Represent the different girth sizes of the different species measured. Is there wide variation both within the same species as between species? If so why? Are the trees different ages, or are they in different growing conditions?
What words would they use to describe the bark of the tree? Think about colour (use paint colour card strips to match), texture, surface (matt or shiny). Some tree bark is scented or aromatic too. Close their eyes - can they hear the leaves rustle?
If a tree in the vicinity has to be felled, grab the opportunity to measure its age. Remember branches will be younger than the trunks! Each ring represents a year. Are the rings evenly spaced? If they are close together, that means growing conditions were tough. If they are spread further apart, the tree was growing quickly in good conditions. (In general, softwood (conifer) trees grow faster than hardwood (broadleaved) trees, so have more widely spaced rings.) Why not make little flags on cocktail sticks, writing on the flags key dates and events, and pin these on the corresponding rings (range depending on the age of the tree). E.g. the date the school was built (was the tree growing before the school was built?), the year a pupil (or teacher!) was born, the start of the millennium, a local historic event etc.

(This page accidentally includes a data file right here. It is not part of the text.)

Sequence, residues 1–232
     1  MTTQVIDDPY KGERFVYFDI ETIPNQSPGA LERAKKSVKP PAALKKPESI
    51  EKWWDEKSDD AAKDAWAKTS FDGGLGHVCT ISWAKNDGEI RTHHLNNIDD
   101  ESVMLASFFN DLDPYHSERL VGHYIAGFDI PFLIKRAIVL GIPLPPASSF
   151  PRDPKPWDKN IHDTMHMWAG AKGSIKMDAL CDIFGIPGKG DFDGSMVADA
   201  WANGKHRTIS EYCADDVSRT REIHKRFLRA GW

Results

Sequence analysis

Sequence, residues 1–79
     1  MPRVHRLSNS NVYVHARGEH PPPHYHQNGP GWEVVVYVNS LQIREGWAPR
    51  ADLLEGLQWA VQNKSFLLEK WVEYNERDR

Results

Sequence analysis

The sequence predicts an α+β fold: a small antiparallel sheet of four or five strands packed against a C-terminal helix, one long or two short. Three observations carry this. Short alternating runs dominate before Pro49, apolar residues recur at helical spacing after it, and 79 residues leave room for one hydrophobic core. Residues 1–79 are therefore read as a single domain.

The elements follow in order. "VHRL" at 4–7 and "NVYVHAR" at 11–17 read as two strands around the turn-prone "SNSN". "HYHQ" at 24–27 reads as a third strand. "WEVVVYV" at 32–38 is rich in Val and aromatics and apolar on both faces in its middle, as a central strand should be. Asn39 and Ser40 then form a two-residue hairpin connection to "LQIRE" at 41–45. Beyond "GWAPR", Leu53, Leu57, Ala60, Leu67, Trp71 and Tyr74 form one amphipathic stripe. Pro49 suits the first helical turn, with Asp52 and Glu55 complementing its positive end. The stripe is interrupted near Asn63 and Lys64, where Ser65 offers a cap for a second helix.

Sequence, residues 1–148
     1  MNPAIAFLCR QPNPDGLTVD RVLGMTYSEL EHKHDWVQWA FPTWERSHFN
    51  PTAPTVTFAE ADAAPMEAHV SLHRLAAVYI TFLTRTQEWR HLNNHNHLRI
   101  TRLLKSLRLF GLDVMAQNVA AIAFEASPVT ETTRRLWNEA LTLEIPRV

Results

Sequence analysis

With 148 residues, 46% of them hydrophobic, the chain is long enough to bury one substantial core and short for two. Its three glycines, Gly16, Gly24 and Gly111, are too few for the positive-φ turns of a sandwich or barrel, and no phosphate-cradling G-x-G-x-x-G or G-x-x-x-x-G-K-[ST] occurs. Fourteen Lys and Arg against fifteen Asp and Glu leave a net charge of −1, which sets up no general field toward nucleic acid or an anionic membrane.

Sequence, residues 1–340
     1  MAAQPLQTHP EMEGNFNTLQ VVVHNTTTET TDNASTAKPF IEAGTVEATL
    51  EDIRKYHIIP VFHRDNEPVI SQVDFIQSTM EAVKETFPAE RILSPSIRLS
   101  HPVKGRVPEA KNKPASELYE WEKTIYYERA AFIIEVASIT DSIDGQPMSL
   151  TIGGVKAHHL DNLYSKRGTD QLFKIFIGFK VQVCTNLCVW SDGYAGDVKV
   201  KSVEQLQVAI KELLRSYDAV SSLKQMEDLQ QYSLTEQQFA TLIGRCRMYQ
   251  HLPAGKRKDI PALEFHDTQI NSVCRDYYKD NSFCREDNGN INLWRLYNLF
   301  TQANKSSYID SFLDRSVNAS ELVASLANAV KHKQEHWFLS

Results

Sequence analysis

Estimating heights of trees:
There are a number of ways to estimate height. Compare the results of different methods. Which are the most accurate? Group the results into clusters to find out how many trees in the area surveyed fall into different categories or height classes – small, medium, tall – for example.
- Measure the height of your partner. Working in pairs, one pupil stands beside the tree while their partner stands back and estimates how many times their partner fits into the height of the tree from root to crown. Estimate the height of the tree. Compare with the estimates of other pairs. Note the type of tree measured. The heights of the trees can be plotted on a graph against the measures of the girth of a tree, to see if there is a correlation i.e. do taller the tree tend to be wider in girth (circumference?).